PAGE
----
5:35 p.m. EST update: Marlins president David Samson said there’s no truth to this at all; that Ramirez didn’t ask for his contract to be restructured and that there will be no trade.
4:30 p.m. EST update: Andy Mota, Ramirez’s agent, told the Miami Herald’s Clark Spencer that Olney was way off with his report. He says Ramirez did not ask for a restructured contract and that the team is not exploring trades. “Not even close,” Mota said.
A source tells ESPN’s Buster Olney that the Marlins will look to trade Hanley Ramirez after the disgruntled infielder requested a restructured deal from the team.
Ramirez is upset about being asked to move to third base from shortstop to make room for Jose Reyes, but he doesn’t have a leg to stand on here. He’s already guaranteed $46.5 million over the next three years, and his play the last two seasons certainly doesn’t warrant any new considerations. Ramirez looked like he’d be a perennial MVP candidate after an awesome three-year run in his mid-20s, but his OPS has dropped from .954 to .853 to .712 since 2009.
Olney speculates that the Marlins, knowing that they would shed Ramirez’s salary, could sign Prince Fielder and either C.J. Wilson or Mark Buehrle in the next few days. They’ve already made a six-year offer to Wilson and a four-year proposal to Buehrle.
The Red Sox and Tigers are two of the teams that could be interested in taking on Ramirez’s contract.
Colby Rasmus isn’t ready to take outfield reps just yet. According to Rays’ manager Kevin Cash, that’s a red flag, one that could potentially postpone Rasmus’ debut as the club’s designated hitter and outfielder in 2017. Marc Topkin of the Tampa Bay Times reports that Rasmus will need to prove he can play a defensive position before getting cleared for the active roster, something which the veteran outfielder has yet to do this spring.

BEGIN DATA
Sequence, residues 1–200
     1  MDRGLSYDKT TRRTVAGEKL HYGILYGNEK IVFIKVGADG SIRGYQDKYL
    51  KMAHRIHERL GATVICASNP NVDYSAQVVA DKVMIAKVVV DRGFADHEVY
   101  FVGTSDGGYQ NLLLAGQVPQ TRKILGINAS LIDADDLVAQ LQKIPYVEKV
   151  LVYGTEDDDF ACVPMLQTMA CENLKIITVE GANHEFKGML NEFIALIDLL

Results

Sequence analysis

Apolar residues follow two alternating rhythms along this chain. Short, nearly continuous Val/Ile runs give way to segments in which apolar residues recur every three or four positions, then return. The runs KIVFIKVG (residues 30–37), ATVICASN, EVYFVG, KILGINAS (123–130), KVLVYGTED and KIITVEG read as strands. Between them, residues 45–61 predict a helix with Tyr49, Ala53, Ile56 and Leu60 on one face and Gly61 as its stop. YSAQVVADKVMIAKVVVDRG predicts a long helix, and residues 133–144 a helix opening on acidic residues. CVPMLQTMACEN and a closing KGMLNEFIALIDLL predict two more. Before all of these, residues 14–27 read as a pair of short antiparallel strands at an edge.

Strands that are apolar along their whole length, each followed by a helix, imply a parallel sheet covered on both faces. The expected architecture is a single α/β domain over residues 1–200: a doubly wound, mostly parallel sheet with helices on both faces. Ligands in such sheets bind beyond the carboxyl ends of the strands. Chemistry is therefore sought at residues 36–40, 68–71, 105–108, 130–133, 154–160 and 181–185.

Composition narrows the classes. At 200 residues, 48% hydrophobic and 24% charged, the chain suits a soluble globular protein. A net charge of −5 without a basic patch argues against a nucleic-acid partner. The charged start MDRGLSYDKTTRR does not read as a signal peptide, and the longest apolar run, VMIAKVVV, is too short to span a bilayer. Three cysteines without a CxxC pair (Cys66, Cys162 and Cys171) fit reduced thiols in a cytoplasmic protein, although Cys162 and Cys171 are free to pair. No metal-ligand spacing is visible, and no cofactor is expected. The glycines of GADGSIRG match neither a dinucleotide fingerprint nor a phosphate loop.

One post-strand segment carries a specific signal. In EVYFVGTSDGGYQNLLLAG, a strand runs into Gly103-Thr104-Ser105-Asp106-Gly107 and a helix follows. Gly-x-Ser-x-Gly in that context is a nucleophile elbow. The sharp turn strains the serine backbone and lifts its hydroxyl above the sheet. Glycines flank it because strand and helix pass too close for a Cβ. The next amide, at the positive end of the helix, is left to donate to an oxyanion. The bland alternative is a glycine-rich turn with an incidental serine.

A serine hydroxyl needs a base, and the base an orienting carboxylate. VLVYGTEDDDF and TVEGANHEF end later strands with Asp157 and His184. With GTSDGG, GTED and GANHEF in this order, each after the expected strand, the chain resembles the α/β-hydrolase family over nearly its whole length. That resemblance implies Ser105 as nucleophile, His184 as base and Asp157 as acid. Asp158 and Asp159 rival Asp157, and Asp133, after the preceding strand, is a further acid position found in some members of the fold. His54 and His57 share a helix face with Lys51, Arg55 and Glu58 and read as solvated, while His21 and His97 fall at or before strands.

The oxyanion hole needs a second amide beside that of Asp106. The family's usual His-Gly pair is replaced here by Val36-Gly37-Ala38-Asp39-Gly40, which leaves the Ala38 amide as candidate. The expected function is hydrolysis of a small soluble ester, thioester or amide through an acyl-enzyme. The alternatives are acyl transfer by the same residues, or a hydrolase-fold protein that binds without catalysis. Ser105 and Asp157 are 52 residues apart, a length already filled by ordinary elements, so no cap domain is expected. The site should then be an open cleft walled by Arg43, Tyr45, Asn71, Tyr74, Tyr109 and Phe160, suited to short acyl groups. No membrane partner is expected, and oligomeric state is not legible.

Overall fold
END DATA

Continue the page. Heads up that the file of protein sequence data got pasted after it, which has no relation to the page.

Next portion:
Rasmus, 30, signed a one-year, $5 million deal with the Rays following his two-year run with the Astros. He batted a meager .206/.286/.355 with 15 home runs and a .641 OPS in 2016 and was shut down in late September with an unspecified hip/groin issue. Entering the 2017 season, he’s expected to work his way back to a full-time role after undergoing surgery to repair his core muscle and left hip labrum last October.
The Rays also finalized their one-year, $1.2 million deal with catcher Derek Norris on Saturday and will need to clear room for him on the 40-man roster. Topkin speculates that the move could send Rasmus to the 60-day disabled list, though the outfielder is not projected to miss more than a couple weeks of the regular season.
The Rangers have reportedly agreed to a six-year, $49.5 million extension for second baseman Rougned Odor, according to Jon Heyman of FanRag Sports and Evan Grant of the Dallas Morning News. The extension comes with a club option for a seventh year, Heyman adds.
It’s close to the six-year, $52.5 million extension Jason Kipnis netted with the Indians in 2014, a sum Odor was rumored to be seeking during contract negotiations over the last two years. Granted, the circumstances are a little different this time around. Both players signed extensions on the cusp of their fourth year in the major leagues, but at 27 years old, Kipnis was coming off of an All-Star campaign and a career-high 4.5 fWAR performance. Odor, meanwhile, saw mixed results in 2016, batting 33 home runs and putting up 2.0 fWAR while struggling to stay consistent at the plate and exhibiting poor defense.
According to MLB.com’s T.R. Sullivan, Odor previously agreed to a $563,180 salary for 2017. Depending on when the extension kicks in, it should cover all three of Odor’s arbitration-eligible seasons and two seasons of potential free agency. The team has yet to confirm the extension.